CNY series: On the tenth day of New Year…fish

On the tenth day of New Year my mama said to me
10. a whole fish

Fish is another auspicious animal in Chinese culture because of the homophone of the word. Fish, in Mandarin (it has the same sound in Mandarin) and most Chinese dialects, is very similar in sound to abundance. The expression, nian nian you yu in Mandarin means every year there is leftover (as a result of abundance). Many even cut and fold red packets in the shape of a fish as part of CNY decor to symbolise abundance.

Fish has to be eaten steamed and whole; no frying is allowed even if one prefers fried fish. A fish is usually served on its side, though most restaurants serve large fish standing upright as it looks more presentable. But traditionally, fish is served whole and on its side and most homecooked fish is served that way. The fish has to be freshwater fish as well. When the side that is facing up has been eaten, the bone is then removed and the next side may be eaten. Depending on how superstitious one is and whether one lives near the sea, a fish is never flipped because fishermen believe that their boats would flip or turn over in the water, a sign of bad luck or something unpleasant happening when they go to sea. Some city folks do not hold on to that belief and the fish is flipped rather than deboned as it is easier to eat.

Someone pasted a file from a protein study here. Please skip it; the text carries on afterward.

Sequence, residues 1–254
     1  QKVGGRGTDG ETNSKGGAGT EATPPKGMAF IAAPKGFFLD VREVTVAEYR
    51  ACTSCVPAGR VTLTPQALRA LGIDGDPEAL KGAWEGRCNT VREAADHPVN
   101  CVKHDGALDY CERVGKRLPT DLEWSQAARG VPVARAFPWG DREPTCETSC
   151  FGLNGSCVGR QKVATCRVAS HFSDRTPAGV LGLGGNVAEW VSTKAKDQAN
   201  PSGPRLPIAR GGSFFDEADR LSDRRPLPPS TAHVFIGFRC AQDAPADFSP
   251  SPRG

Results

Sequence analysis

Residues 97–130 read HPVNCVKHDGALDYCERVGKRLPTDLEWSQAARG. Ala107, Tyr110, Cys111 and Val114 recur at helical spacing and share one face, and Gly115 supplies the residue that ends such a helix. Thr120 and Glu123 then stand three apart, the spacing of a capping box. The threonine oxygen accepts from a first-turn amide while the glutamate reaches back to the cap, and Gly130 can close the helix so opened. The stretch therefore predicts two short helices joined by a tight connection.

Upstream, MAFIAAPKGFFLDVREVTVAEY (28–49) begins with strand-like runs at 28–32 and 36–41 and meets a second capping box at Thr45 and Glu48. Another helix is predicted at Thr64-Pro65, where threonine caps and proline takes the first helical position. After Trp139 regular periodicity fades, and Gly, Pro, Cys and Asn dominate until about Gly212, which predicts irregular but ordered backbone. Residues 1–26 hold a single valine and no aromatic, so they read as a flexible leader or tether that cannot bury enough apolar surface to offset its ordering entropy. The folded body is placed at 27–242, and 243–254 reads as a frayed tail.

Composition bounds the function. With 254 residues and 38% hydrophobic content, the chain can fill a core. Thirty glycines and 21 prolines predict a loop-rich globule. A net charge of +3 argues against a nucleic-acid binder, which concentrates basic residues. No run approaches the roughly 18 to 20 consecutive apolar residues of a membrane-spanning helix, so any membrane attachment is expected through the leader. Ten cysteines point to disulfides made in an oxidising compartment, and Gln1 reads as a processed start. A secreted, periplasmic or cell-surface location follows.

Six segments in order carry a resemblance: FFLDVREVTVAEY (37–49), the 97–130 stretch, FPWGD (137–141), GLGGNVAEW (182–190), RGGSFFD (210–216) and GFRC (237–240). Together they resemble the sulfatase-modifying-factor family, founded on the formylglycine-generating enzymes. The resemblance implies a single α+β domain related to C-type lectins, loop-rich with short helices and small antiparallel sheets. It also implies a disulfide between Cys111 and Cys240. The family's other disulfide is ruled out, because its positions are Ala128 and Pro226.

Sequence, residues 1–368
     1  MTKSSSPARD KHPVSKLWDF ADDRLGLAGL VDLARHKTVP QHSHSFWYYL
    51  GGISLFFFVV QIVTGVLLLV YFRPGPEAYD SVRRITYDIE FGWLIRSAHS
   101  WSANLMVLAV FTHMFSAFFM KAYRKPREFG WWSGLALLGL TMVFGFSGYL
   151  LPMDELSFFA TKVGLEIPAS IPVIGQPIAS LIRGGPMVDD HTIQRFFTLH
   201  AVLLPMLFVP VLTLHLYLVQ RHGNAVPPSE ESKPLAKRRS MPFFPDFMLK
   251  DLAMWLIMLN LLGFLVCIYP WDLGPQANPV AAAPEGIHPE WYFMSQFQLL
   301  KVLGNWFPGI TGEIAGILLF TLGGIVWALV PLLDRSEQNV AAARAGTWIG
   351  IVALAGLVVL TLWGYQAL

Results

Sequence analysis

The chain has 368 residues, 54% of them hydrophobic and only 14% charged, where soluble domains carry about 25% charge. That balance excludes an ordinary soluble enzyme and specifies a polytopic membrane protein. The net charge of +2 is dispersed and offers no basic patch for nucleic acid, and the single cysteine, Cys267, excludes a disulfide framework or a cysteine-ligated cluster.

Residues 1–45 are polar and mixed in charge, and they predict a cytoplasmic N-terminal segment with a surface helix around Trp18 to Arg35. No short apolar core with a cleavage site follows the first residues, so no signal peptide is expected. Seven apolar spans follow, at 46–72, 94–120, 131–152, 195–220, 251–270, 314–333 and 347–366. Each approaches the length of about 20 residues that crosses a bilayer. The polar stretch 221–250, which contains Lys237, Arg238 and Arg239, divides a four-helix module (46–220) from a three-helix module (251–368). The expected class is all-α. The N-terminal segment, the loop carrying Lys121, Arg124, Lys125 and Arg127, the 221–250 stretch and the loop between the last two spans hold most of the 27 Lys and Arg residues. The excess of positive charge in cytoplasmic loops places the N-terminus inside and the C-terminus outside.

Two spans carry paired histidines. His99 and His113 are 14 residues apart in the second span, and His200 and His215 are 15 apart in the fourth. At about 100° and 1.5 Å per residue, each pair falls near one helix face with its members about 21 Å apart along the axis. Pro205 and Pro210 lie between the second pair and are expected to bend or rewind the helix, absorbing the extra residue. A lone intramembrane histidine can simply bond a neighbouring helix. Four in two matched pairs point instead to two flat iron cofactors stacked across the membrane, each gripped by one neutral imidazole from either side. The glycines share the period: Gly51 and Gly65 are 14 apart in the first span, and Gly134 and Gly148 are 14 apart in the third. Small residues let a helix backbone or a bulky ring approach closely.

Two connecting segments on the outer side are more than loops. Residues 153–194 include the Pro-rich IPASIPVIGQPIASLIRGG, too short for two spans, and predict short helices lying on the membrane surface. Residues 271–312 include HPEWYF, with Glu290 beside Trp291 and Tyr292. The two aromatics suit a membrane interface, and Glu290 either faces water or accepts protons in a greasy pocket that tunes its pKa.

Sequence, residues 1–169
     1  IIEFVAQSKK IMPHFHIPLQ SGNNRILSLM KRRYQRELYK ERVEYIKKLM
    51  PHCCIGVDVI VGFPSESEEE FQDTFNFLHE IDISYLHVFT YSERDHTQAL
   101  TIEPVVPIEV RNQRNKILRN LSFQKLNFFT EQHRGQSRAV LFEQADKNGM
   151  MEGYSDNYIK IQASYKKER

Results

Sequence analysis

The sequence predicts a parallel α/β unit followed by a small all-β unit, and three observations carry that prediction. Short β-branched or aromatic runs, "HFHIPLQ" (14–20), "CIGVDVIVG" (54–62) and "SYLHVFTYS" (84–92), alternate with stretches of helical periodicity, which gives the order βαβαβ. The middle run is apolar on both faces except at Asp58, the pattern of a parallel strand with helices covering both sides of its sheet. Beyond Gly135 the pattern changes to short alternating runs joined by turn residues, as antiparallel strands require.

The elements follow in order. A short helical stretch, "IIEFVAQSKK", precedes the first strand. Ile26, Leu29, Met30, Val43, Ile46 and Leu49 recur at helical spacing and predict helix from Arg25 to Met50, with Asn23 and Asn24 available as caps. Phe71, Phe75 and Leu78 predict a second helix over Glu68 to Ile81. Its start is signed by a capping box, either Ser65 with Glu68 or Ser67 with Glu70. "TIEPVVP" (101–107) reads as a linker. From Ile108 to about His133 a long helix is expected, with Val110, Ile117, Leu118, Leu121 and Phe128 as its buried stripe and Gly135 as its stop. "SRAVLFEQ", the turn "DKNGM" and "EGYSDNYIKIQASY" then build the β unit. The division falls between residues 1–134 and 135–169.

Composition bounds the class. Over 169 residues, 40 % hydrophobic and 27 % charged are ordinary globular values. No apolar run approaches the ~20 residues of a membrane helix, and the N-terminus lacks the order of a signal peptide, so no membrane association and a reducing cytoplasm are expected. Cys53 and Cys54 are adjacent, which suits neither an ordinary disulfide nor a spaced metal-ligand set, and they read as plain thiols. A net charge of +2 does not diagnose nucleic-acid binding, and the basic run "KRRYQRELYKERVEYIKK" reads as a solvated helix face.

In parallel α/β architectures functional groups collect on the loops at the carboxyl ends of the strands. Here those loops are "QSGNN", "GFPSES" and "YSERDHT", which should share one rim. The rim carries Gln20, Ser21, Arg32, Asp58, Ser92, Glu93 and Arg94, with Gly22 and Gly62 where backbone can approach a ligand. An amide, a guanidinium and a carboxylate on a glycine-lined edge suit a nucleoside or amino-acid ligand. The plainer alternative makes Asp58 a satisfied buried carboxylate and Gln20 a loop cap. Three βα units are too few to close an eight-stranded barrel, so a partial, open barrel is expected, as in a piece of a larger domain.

Steamed fish on its side. Photo, courtesy of a friend.

Fish that is served at a restaurant. It is ‘standing’ upright. Photo, courtesy of another friend.

A hong bao that has been cut and designed into the shape of a fish. It is hung on a bamboo plant which is also considered auspicious and is known for its hardiness and longevity. Bamboo plants are evergreen even in winter.


One thought on “CNY series: On the tenth day of New Year…fish

  1. Pingback: An initiation into nobility | Sudah makan? Have you eaten?

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